Debt-Equity Ratio Analysis:
Different studies, so far conducted, fail to reach unanimity as to the appropriate debt-equity ratio, but commonly suggested standard debt-equity ratio is 2:1. The standard ratio may vary depending on the nature of the company. Low debt-equity ratio does not necessarily mean such dependence on collecting funds by equity issues. It may also be so due to increase in the retained earnings component of ‘equity’.
Again, it is equally pertinent to note that a highly profitable company may keep aside a sizeable portion of its profit in the reserve fund. It may help the company not to rely on external debt to meet further requirement of the funds and accordingly debt-equity ratio may appear to be at a low level.
The following points should be considered before selecting the firm’s debt-equity ratio as a measure for determining the capital structure:
(a) There is an optimal capital structure where the marginal tax benefit is equal to the marginal cost of anticipated financial distress.
(b) The debt-equity ratio depends on both the level and volatility of cash flows.
(c) Survival of the firm is the top priority of any firm and hence the lower debt-equity ratio is preferable for high risk business firms.
(d) The trade cycles and industry cycles and other reasons may sometimes cause financial distress to the firm and hence the debt-equity ratio should be selected keeping in view the distress conditions which may occur in future.
(e) In balancing debt-equity ratio, the first step always should be the increase of equity which gives more financial flexibility.
(f) Increasing equity can be used as a base to justify and sustain more debt.
The debt-equity ratio affects the firm’s cost of capital when a debt-equity ratio of a firm increases, its cost of capital will decline and vice versa. When a firm depends on higher debt, result in payment of interest to the suppliers of loan capital which will lower the amount of tax payable by the company, and simultaneously its overall cost of capital will also decrease. But, any non-payment of principal and interest payments of the loans outstanding may result in bankruptcy costs.
The impact of debt-equity composition on cost of capital is explained in the illustration given below:
From the analysis of the above we can observe that when the debt-equity ratio is 1:3, the composite cost of capital stands at 15.6%. When the debt-equity ratio altered to 3 : 1, the firms cost of capital has drastically reduced to 10.8%. This is due to the advantage of tax shield and the supply of debt at cheaper cost than the equity capital.
It is one of the basic objectives of Financial management to design an appropriate capital structure which can provide the highest EPS over the firm’s expected range of EBIT. EPS is a yard stick to evaluate the firm’s performance for the investors. The level of EBIT varies from year to year shows how successful the firm’s operation are. EBIT-EPS approach is an important tool for designing the optimal capital structure framework of the firm.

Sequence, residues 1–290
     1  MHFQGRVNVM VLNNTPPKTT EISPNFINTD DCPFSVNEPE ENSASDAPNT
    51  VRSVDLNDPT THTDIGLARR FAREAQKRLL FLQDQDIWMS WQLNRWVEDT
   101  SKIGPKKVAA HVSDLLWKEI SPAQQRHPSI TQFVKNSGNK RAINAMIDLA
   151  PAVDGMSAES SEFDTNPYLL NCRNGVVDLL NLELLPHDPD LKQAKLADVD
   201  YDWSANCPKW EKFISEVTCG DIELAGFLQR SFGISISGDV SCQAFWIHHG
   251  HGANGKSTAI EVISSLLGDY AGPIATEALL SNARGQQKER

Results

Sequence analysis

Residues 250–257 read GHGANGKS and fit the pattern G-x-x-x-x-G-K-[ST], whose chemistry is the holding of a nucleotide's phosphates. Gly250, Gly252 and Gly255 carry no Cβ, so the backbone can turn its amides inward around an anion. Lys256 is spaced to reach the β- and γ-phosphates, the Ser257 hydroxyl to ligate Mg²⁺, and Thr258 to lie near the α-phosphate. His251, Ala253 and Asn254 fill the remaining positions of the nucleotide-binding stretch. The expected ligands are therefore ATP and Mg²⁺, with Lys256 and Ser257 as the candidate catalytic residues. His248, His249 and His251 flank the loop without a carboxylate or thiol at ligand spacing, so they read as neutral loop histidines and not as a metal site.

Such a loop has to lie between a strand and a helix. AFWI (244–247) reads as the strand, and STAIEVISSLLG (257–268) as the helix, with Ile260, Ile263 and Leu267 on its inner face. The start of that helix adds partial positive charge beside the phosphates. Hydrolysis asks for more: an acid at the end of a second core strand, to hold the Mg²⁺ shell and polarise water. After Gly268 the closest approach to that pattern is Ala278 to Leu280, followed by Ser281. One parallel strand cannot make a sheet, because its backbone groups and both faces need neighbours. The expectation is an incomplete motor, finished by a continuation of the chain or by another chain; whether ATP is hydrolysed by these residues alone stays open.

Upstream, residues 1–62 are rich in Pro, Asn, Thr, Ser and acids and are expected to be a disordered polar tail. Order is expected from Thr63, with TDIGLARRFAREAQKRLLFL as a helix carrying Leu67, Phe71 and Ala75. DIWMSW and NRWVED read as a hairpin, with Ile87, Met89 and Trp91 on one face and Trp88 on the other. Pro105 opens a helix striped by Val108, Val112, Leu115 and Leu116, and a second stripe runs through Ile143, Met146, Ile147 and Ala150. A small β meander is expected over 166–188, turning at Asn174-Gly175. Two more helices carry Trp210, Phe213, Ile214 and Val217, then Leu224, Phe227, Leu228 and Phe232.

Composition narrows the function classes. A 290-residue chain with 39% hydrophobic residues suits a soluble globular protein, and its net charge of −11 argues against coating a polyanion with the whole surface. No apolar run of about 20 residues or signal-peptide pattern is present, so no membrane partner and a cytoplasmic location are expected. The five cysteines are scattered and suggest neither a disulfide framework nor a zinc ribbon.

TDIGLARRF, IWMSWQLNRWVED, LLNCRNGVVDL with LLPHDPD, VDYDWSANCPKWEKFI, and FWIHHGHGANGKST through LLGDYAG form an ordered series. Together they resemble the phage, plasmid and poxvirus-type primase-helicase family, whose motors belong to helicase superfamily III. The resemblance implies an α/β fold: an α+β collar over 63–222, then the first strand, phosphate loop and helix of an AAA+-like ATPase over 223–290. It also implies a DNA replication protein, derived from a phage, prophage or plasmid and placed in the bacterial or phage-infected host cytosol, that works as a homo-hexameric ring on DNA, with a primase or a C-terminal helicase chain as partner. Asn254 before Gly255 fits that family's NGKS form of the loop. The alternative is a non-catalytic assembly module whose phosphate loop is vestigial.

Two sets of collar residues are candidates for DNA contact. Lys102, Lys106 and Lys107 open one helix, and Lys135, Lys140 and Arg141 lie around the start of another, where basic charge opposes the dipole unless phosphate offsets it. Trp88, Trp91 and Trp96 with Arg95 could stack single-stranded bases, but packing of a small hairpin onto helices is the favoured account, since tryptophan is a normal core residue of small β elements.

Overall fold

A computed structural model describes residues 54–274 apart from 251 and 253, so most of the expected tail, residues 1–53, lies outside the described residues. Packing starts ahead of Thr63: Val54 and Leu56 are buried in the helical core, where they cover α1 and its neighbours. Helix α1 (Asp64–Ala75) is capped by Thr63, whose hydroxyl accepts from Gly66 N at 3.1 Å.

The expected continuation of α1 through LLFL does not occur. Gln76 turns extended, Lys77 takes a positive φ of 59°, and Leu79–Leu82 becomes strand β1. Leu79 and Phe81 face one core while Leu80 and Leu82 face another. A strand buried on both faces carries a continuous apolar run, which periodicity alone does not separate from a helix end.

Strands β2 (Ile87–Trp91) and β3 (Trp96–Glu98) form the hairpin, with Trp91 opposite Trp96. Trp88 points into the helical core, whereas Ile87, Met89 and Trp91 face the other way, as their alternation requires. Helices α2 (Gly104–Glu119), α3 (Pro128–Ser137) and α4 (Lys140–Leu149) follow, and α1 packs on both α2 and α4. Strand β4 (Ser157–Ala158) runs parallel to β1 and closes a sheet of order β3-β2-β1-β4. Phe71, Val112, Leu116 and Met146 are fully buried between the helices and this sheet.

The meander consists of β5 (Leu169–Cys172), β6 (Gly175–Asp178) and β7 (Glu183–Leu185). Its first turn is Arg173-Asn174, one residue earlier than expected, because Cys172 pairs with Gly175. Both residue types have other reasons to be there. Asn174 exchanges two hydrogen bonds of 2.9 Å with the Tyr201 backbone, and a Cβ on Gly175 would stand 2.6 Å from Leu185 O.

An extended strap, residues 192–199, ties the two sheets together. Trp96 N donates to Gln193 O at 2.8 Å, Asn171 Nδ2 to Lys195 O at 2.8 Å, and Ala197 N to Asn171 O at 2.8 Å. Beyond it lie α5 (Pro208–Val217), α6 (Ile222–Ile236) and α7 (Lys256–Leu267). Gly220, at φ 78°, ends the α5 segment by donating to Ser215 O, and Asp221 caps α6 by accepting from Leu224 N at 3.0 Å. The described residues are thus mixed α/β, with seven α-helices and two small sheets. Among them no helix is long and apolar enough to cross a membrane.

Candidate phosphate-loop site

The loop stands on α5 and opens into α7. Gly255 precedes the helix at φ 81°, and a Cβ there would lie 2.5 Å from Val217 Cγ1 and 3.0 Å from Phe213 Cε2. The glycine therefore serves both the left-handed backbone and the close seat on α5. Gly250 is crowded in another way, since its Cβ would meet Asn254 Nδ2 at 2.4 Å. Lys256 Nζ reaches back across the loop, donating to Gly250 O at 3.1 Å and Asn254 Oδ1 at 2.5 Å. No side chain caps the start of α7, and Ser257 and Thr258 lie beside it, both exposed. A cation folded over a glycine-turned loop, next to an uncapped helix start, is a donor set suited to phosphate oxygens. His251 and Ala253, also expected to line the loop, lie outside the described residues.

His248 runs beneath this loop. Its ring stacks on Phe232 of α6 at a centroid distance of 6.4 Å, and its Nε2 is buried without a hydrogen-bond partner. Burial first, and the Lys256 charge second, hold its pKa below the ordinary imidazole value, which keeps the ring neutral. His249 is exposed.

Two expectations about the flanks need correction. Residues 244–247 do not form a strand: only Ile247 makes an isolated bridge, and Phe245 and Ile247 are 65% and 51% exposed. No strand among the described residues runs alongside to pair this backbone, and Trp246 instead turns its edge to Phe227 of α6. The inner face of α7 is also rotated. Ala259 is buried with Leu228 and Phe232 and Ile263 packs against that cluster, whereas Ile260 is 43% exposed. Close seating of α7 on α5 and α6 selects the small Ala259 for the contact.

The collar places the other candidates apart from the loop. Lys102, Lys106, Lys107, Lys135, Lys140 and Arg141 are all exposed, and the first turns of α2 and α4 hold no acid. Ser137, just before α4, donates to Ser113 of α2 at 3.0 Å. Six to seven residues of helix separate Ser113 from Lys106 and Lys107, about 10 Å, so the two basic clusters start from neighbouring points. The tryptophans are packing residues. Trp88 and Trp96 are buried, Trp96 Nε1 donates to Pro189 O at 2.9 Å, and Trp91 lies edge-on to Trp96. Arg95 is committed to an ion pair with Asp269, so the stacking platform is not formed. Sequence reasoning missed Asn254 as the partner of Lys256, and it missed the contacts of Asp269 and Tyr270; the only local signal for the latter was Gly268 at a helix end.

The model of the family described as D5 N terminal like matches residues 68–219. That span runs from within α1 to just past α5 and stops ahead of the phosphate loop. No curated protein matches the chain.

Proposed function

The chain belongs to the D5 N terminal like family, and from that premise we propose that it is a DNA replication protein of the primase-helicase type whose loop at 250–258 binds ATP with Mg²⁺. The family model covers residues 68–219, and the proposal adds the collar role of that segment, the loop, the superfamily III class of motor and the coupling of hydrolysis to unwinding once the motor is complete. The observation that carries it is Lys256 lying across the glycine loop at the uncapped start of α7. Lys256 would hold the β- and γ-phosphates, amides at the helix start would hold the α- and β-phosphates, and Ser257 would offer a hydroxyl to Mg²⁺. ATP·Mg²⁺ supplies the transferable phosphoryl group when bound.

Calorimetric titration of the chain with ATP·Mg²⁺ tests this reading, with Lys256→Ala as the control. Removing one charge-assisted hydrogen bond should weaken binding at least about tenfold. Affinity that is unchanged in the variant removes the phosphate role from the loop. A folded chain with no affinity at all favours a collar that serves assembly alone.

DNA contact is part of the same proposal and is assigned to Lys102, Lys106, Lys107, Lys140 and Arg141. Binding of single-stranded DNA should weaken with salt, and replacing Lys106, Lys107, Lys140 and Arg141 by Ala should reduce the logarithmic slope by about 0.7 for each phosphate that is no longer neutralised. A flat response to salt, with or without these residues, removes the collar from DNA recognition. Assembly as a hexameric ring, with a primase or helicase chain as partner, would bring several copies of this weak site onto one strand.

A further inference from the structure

EBIT-EPS analysis is widely used by Finance manager because it provides a simple picture of the consequences of alternative financing methods, however more sophisticated techniques are available.
It is the minimum level of EBIT needed to satisfy all fixed financial charges i.e., interest and preference dividends. It denotes the level of EBIT for which the firm’s EPS just equals zero. If EBIT is less than financial break-even point, then EPS will be negative. But if the expected level of EBIT exceeds than that of break-even point, more fixed costs financing instruments can be inducted in the capital structure. Otherwise the use of equity would be preferred.
Financial Indifference Point:
When two alternative financial plans do produce the level of EBIT where EPS is the same, this situation is referred to as ‘in different point’. In case, the expected level of EBIT exceeds the indifference point, the use of debt financing would be advantageous to maximize the EPS. The indifference point may be defined as the level of EBIT beyond which the benefits of financial leverage begins to operate with respect to earnings per share.
The indifference point between the two financing alternatives can be ascertained as follows:
Where, EBIT = Earnings before interest and taxes
T = Corporate rate of tax
I1 = Interest charges in Financing alternative 1
N1 = Number of equity shares in Financing alternative 1
I1 = Interest charges in Financing alternative 2
N2 = Number of equity shares in Financing alternative 2
American Express Ltd. is setting up a project with a capital outlay of Rs. 60,00,000.
It has the following two alternatives in financing the project cost:
Alternative 1: 100% Equity finance
Alternative 2: Debt-equity ratio 2: 1
The rate of interest payable on the debt is 18% p.a. The corporate rate of tax is 40%. Calculate the indifference point between two alternative methods of financing.
Alternatives in financing and its financial charges
(1) By issue of 6,00,000 equity shares of Rs. 10 each amounting Rs. 60 lakhs. No financial charges involved, (or)